In the second half of the 1870s, stained glass windows were designed and installed, and the walls painted with the Ten Commandments, The Creed, The Lord’s Prayer and murals depicting Moses striking the rock, the Israelites fed with manna, Christ the Bread of Life, and the Parable of the Marriage Supper (which is the only section to survive). With the windows stained, and texts and murals around the walls, the church must have appeared rather dark and gloomy.


In the early days it was not uncommon for there to be a congregation of 600 on a Sunday morning, and during the 1880s the numbers at Matins did indeed regularly reach 1000, with special services for children and a Sunday School of about 50. An organist and surpliced choir were employed, and a new William Hill organ purchased in 1891. The music in the church was evidently quite lavish, with oratorio performances recorded in the years which followed; a new vicar wrote in 1903 that "our music seems to me too florid and ambitious. It is a choir service, not congregational."

After the First World War, the creation and fitting out of a War Memorial Chapel was a major preoccupation. The prime mover was Major J Horton, two of his paintings can still be seen in the church. The church suffered its fair share of damage during the Second World War: in 1940 “a land mine made a gaping hole in the East window, blew every other window out, shattered the roof, smashed the reredos and altar, wrenched and blew in the doors… The rain was dripping through the roof … the windows were still without glass and there were holes in the roof … birds flew in and out freely and rugs and hot water bottles were provided for the aged or infirm.” In 1942 incendiary bombs came through the roof and a fire was started. The dent made by an incendiary which did not explode can still be seen in the North Aisle. Canon Laycock cared for the church and people throughout these difficult years, and oversaw the rebuilding and repair before he retired in 1949.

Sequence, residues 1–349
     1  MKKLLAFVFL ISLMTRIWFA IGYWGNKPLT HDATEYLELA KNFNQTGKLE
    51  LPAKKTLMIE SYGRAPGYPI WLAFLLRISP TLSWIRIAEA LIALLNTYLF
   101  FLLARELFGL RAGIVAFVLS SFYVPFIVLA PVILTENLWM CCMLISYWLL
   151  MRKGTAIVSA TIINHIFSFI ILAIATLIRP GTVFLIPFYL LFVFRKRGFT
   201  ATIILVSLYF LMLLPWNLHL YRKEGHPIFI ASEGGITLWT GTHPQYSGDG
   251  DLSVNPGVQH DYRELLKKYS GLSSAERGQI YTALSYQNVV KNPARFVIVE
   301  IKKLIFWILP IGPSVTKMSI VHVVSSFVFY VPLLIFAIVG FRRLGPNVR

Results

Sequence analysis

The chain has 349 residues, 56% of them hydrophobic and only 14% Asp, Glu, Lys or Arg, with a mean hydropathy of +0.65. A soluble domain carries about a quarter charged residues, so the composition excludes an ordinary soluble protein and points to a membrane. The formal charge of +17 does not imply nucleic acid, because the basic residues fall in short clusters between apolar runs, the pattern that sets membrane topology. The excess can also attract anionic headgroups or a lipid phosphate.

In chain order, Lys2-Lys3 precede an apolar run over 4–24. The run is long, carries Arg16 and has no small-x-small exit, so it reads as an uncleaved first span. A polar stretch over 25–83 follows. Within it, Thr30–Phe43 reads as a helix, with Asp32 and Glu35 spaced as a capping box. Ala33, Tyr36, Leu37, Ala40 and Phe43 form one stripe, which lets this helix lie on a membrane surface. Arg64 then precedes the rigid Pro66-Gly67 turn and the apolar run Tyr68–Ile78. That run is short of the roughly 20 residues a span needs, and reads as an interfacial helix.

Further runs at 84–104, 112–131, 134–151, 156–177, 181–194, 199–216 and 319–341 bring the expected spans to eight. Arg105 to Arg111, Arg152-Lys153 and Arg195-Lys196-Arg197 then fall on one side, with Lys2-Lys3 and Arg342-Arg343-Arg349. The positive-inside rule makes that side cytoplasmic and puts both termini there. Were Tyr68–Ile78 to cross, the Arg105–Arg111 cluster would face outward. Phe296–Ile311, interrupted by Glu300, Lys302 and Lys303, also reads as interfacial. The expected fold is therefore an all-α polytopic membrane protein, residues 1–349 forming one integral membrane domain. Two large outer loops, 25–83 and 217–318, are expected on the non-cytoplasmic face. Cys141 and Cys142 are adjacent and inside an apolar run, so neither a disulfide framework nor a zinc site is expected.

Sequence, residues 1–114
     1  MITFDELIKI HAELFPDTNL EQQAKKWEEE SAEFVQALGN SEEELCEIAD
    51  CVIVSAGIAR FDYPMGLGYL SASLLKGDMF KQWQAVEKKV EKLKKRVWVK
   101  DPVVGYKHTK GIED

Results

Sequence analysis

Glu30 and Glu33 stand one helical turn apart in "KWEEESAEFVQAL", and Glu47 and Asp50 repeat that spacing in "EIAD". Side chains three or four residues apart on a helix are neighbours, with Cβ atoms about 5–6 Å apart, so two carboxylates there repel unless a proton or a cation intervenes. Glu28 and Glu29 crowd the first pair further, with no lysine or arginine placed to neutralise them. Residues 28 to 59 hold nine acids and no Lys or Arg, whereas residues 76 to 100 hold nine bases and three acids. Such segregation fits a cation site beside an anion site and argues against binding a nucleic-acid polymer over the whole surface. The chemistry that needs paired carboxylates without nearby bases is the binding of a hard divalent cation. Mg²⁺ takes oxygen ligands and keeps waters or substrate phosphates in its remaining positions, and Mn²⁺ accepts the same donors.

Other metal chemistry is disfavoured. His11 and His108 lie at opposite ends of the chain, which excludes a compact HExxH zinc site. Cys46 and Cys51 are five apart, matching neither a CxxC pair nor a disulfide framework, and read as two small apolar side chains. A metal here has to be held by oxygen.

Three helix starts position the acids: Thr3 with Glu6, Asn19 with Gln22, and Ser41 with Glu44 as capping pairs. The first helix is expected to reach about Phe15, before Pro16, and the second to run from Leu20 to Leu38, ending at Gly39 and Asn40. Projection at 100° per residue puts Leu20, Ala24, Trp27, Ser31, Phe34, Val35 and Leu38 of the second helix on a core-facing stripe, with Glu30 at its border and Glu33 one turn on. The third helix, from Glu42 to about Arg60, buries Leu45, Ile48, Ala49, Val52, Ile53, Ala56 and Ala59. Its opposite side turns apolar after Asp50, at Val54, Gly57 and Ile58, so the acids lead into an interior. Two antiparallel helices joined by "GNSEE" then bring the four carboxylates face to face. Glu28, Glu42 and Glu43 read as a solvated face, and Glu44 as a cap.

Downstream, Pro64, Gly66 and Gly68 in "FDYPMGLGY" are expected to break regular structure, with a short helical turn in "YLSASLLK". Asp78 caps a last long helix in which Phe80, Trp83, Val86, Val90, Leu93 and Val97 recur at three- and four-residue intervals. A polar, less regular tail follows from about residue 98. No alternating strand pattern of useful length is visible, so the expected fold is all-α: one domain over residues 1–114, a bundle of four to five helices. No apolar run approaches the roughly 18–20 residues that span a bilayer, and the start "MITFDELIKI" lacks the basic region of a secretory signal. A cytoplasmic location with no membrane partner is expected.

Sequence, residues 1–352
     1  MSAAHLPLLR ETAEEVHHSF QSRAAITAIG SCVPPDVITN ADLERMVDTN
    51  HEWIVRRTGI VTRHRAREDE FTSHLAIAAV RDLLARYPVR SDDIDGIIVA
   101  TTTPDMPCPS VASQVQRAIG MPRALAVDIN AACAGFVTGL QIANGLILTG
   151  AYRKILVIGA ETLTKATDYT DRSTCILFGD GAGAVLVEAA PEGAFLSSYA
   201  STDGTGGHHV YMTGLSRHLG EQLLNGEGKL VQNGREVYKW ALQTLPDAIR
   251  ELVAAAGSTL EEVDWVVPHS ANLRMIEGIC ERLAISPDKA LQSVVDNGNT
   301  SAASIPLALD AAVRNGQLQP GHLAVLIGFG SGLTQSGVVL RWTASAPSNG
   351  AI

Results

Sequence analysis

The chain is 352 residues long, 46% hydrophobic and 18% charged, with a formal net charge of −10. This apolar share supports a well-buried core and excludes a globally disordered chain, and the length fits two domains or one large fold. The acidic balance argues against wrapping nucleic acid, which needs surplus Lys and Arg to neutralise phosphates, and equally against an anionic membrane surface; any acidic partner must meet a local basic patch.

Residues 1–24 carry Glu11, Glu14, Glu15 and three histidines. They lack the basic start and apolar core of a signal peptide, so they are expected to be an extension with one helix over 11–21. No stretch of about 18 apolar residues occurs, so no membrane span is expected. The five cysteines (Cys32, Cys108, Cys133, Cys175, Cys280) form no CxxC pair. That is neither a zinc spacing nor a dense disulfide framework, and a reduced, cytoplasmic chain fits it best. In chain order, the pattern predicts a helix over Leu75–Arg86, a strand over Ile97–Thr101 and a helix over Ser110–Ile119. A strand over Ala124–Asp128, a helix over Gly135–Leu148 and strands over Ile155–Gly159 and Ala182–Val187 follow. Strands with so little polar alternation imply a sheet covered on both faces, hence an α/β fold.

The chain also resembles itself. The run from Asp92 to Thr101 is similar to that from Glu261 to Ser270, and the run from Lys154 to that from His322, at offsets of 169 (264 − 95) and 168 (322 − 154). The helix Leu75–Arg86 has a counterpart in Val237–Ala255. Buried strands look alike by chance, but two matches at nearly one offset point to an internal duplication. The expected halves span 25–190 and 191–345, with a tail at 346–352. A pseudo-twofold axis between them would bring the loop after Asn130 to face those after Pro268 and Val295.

A much-needed church hall was added in the 1950s and is an integral part of the premises. It is used extensively by the local community, as it is the only such facility available in the area.

During the 1960's St Paul's was one of the first Anglican churches to be affected by the charismatic movement, though our practice is now much more mainstream. A long incumbency by Canon Julian Frost, who retired in 2001, was followed by shorter periods with Rev Barry Rowland and Rev Vince Short. 

Our worship and involvement in the community continues to evolve with the times, and as God directs. Our most recent vicar, Rev Simon Couper, oversaw the introduction of modern audio/visual equipment and the reordering of the chapel as a fully accessible space, and ensured that we emerged from the challenges of the Covid-19 pandemic with a renewed sense of purpose and energy.

Fuller details of our church history are available in a book by John Collins, available from the church.

To read more about the current building and its contents, please visit our Buildings and Gardens page.

A wooden board from the back of the church on which is inscribed the list of incumbent vicars since the inception of the Parish.